McCoy swallowed a rush of disappointment. "Well, this is an Edosian outpost, and you know how strict these people are about not showing affection in public. It makes perfect sense they'd have built a room like this. In fact, I'd say we'll have more privacy here than in our quarters - you know some of those bulkheads are pretty thin." But of course there was no point in forcing this. Resigned, McCoy pulled back his hand.

Spock caught it.

A shiver went through him as Spock's thumb grazed his palm, sliding around to trail across his knuckles, then guiding his hand until the tips of their fingers touched. McCoy sighed and let his eyes flutter shut. He was a doctor, he couldn't stop being a doctor even if he tried, so it was impossible not to feel Spock's pulse against his skin, or to shut out the frantic pounding of his own heart. But Spock's mind was quiet, opening to him like one of those obscenely bright Vulcan desert flowers, the ones whose name he always forgot, and when McCoy brought his free hand up to cup Spock's jaw, he knew what Spock wanted him to do.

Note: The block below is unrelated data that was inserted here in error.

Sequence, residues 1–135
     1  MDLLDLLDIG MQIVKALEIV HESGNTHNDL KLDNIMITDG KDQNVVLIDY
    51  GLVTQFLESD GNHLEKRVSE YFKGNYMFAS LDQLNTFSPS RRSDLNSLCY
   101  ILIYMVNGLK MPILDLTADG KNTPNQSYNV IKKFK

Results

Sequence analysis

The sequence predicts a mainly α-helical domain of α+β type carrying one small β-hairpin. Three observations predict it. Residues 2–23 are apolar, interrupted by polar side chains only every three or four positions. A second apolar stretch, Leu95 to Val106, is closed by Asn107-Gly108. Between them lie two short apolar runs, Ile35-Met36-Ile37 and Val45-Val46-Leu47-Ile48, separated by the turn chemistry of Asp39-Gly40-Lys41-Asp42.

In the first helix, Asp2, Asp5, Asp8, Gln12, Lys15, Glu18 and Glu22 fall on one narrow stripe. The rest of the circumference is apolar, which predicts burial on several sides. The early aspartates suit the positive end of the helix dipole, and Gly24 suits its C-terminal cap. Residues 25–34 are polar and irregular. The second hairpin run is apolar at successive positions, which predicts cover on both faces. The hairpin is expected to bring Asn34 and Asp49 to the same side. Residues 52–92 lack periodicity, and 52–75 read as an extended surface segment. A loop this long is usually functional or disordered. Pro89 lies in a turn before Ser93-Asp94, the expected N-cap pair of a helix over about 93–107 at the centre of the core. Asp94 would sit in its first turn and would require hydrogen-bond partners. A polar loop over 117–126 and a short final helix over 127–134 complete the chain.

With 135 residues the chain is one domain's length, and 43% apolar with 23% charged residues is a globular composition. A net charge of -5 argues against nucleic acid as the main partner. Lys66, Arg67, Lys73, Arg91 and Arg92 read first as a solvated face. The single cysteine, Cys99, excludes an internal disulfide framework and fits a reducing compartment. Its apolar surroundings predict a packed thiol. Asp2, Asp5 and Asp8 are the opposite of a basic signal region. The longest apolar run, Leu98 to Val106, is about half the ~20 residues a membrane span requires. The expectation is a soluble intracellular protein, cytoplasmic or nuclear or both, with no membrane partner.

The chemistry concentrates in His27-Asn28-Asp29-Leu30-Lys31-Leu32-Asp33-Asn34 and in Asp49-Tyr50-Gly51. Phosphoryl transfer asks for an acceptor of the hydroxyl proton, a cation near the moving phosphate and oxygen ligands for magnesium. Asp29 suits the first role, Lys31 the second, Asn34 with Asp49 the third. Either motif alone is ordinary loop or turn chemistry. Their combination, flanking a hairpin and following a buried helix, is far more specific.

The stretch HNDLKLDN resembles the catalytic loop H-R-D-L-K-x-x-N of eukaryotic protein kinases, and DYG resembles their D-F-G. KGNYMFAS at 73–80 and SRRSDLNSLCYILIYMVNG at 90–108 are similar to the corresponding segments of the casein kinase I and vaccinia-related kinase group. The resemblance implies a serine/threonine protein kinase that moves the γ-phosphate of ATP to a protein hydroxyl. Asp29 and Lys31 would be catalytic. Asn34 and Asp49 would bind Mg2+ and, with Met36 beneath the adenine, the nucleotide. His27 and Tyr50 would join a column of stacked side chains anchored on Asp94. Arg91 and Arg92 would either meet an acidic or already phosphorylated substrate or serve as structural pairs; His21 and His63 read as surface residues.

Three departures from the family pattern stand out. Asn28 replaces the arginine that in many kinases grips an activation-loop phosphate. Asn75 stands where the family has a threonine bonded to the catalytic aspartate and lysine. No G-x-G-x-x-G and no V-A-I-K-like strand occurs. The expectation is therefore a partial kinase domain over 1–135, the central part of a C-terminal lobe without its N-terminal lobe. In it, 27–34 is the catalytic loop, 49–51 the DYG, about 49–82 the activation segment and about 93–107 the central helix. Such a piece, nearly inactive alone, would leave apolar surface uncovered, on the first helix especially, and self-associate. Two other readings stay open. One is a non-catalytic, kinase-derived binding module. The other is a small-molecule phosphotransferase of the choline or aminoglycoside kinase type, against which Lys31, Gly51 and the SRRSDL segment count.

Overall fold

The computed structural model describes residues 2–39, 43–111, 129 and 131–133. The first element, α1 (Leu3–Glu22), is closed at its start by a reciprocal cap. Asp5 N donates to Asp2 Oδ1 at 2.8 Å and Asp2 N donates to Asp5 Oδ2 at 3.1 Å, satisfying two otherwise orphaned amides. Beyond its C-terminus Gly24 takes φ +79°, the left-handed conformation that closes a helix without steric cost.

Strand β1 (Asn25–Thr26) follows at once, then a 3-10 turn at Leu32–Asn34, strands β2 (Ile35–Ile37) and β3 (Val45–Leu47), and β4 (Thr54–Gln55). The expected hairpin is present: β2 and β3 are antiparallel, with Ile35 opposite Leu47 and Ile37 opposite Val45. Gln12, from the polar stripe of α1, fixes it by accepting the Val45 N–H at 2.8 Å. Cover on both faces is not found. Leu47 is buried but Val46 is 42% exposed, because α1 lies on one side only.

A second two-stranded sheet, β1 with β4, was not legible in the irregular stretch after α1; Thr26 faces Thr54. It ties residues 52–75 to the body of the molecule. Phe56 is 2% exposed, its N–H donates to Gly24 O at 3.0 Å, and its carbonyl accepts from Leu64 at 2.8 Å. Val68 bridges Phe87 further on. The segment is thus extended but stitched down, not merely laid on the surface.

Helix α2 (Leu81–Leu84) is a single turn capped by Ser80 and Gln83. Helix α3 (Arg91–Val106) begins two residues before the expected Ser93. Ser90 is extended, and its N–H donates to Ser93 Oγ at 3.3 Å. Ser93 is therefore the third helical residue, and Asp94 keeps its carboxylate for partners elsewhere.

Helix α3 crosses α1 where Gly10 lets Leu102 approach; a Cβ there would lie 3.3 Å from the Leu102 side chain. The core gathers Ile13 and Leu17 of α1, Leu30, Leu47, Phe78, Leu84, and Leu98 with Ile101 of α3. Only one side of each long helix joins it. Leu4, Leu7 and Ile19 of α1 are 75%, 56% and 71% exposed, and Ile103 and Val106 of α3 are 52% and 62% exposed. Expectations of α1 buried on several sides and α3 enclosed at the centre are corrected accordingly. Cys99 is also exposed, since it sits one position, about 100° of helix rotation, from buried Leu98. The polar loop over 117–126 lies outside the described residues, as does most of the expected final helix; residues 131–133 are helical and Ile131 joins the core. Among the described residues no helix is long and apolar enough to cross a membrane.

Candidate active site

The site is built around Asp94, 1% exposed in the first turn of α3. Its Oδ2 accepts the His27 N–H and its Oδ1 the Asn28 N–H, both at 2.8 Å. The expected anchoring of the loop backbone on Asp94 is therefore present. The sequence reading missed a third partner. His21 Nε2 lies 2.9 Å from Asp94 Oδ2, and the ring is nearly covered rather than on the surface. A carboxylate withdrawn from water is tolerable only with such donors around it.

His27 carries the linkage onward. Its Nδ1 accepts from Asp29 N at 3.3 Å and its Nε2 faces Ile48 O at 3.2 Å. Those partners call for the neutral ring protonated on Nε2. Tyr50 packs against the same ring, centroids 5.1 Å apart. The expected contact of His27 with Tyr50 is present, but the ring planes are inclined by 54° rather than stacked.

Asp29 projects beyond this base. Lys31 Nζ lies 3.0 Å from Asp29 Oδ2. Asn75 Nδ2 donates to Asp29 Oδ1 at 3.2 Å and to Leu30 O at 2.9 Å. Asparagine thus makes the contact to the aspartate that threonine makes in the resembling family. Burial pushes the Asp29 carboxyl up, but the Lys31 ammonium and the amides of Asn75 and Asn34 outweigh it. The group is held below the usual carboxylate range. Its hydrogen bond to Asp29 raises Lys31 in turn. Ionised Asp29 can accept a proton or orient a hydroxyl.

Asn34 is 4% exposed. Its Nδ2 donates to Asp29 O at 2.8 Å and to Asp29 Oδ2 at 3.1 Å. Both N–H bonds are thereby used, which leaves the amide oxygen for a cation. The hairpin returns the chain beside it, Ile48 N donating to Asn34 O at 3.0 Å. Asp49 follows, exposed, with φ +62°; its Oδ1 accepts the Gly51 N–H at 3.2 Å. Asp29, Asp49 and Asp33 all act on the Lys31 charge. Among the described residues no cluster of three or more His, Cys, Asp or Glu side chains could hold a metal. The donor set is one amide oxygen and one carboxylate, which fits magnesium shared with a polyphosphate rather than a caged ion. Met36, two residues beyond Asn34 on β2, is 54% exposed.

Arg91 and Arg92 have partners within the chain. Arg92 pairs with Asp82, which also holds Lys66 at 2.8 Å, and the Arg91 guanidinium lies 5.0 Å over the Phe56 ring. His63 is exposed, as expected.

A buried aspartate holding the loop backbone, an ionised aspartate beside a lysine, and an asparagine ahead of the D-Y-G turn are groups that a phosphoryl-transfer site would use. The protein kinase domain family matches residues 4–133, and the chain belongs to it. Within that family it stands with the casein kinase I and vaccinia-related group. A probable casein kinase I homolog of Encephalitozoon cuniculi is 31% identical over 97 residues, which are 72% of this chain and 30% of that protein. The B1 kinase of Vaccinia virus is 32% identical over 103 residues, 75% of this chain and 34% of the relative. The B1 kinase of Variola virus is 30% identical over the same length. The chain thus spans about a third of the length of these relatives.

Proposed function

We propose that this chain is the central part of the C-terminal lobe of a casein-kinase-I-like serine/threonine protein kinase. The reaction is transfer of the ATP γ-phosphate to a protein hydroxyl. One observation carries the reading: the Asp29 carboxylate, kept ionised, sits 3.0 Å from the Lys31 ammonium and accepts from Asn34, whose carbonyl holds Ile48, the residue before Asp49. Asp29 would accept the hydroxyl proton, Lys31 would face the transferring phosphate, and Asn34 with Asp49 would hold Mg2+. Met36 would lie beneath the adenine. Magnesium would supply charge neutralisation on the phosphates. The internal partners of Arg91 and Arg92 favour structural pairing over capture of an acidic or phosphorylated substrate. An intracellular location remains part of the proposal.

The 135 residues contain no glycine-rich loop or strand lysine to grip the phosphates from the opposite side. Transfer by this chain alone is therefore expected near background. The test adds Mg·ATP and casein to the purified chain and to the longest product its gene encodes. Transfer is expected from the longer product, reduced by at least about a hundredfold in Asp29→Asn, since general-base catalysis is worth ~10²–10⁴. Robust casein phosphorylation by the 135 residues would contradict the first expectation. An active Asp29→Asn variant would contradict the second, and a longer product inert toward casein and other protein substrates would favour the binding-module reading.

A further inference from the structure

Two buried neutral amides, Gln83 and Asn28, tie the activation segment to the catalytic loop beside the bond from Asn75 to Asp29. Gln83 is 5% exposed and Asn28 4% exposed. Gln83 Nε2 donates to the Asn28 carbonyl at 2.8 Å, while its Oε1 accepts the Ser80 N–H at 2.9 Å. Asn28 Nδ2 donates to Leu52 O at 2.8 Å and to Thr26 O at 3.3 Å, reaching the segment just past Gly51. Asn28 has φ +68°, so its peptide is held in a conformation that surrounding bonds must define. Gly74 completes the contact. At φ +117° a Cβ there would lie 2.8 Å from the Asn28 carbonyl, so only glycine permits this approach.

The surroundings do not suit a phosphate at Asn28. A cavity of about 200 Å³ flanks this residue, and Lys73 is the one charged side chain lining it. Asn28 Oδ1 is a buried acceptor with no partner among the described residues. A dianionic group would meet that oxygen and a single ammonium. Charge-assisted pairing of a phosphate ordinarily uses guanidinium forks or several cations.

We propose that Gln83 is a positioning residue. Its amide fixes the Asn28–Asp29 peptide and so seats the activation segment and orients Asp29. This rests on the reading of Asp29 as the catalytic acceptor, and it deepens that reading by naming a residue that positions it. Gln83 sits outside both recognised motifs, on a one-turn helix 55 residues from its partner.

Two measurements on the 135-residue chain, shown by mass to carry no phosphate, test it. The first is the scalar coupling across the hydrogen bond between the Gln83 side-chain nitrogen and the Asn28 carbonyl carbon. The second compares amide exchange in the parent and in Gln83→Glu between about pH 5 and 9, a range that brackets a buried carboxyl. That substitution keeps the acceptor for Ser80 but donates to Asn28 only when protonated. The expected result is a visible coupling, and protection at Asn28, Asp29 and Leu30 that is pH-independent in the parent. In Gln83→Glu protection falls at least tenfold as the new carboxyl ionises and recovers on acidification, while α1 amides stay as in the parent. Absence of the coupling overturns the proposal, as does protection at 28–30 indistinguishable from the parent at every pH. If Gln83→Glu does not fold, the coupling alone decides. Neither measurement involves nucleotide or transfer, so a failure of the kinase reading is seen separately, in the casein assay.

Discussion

Their lips met in a rush of escaping breath, their fingers tangling together. McCoy sucked at the corner of Spock's mouth, tasting spice and the coppery tang of alien skin.

"We should decide -" Spock turned his head, not even breathless; that damn Vulcan cool was something McCoy envied him sometimes. "After the performance ends… what shall we tell Jim when he asks if we enjoyed it?"

"I'll handle that," McCoy said, pulling back to meet Spock's eyes. At the edge of his vision, the force field was pulsating slowly. "You green-blooded hobgoblins aren't the only ones who can hide their emotions. I can keep a poker face when I need to." But not just now, he admitted, sure that his face betrayed everything as those long fingers caressed his cheek.